• Disease prevention and treatment.
  • Water and sanitation.
  • Maternal and child health.
  • Basic education and literacy.
  • Economic and community development.
And the newest one becoming official in January:  The Environment. They all are under-pinnings for Positive Peace. Negative Peace is the absence of violence. Positive Peace is a partnership with economics and justice. 
The quote for the day was a Russian proverb: “If everyone gives a thread, the poor man has a shirt."  
RI and the District are both working towards expanding our reach and enhancing partnership engagement.  Some of this is being done through DEI (Diversity, Equity and Inclusion) programs.  Rotary has been public in their statements about justice and the fight against racism. 
Some ideas for our club … start a book club and have a discussion around one book, have Bruce and Ed speak to our club about Braver Angels. He encouraged us to remain involved in Rotary Youth Exchange, building Peace and Understanding, the continue to be involved in bringing an end to sex trafficking, something that is on the rise in Minnesota. And to keep our promise to the children of the world ... to bring an end to polio.  

The entire November 19th meeting can be viewed here.


December 10 — Annual Club Meeting and Voting of Officers plus Meredith Galdeen, Using Our New Northfield Rotary Website. The Northfield Rotary Club has implemented a new website and membership management system powered by ClubRunner. An introduction to the new website and how to use some great new (and not so new) tools will be covered, including updating your member profile, accessing the member directory, and subscribing to the club calendar of events. Hosted by Vicki Dilley.

December 17 — Holiday Meeting - Social Committee Richard DeBeau and Sherri Meyers.

December 24 — Christmas Eve - No Meeting.

December 31 — Holiday Meeting - Social Committee Richard DeBeau and Sherri Meyers.

Vicki's Vision

Vicki Dilley, President

Dear Friends, 
I hope that you had a restful, love-filled Thanksgiving. I would guess your table had fewer place settings and you did not travel far to do a little feasting and thanks-giving. Generally, I am setting a couple of dining tables and invite all sorts of folks to share in the bounty, but this year it was Lee, our son and Lee's 96 year old mother. We commented on Thursday morning that we would normally be at the Weitz Center greeting the crowd of cheery Turkey Trotters, but because we care about each other, we kept our distance. We hope that next year allows us to gather safely together again.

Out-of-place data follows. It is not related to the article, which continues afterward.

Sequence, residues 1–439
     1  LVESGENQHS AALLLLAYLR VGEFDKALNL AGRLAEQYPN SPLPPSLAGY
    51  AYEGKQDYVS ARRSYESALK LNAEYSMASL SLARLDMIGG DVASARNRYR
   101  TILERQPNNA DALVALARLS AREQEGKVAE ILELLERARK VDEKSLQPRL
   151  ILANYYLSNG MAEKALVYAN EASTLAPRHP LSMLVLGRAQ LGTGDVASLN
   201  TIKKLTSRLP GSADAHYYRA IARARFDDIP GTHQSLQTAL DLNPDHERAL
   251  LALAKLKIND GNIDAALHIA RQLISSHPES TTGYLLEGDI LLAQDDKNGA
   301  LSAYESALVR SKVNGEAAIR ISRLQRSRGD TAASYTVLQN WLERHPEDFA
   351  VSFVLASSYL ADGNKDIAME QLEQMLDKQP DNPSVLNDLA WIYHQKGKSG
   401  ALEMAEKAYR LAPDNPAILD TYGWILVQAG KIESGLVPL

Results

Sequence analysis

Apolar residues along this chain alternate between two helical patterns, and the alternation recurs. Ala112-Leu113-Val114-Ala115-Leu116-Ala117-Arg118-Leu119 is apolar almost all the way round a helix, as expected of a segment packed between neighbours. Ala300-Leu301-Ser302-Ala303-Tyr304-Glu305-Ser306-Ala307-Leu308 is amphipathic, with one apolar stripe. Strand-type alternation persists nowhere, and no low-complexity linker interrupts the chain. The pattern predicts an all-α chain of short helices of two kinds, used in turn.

As many of you know, Lee and I were Peace Corps Volunteers in the early 1980's (I know, some of you were not even born yet at this time). Even though it was long ago, the lessons learned are still fresh in my memory. We lived in the country of Tuvalu for over 3.5 years on our little, flat atoll which measured about 2 miles by 3, with a lagoon in the center.   Our island was called Vaitupu (which means springing water).    
Often at Thanksgiving time I am reminded of how the people of Tuvalu lived everyday with an attitude of abundance. They lived with gratitude for their land, their neighbors, plenty of food, and more. We fell in love with the people of Tuvalu who cared for our daily needs and welcomed us into their culture and everyday living. Once they understood that we were there to stay and live much like they did, we were able to accomplish much together.  
We were adopted by a family that made sure that we had our daily needs for green coconuts for drinking, fish, taro, breadfruit. We truly belonged to each other as a family. They named children after us. Our love for each other was deep.  
When it came close to the time of our needing to pack up and return back to Minnesota, our days were even more precious together. In an effort to keep us connected our 'mother and father' drew up some paperwork with the government and presented it to us one day. The paperwork showed that we now had a parcel of land the family was giving to us.  By our owning land on Tuvalu, it was thought that this would insure our return to this place we called home. What a gift ... a gift that was giving much. After all, this was a tiny little island and their love for us was demonstrated in such a sacrificial way.   
This gift has come to my mind so many times when I think what love for one another causes us to do; causes us to give. I so appreciate Rotary for its mission to give; to make the world a better place. I also know full well that the happiest people are not those getting more, but those giving more. 
Happy December! I look forward to seeing you on Thursday!

Statement of Purpose: Northfield Rotary Club is dedicated to promoting peace and understanding through service and shared experience. We invite people from all corners of the community to join us as we partner with others to support youth, build sustainable infrastructure and preserve our planet.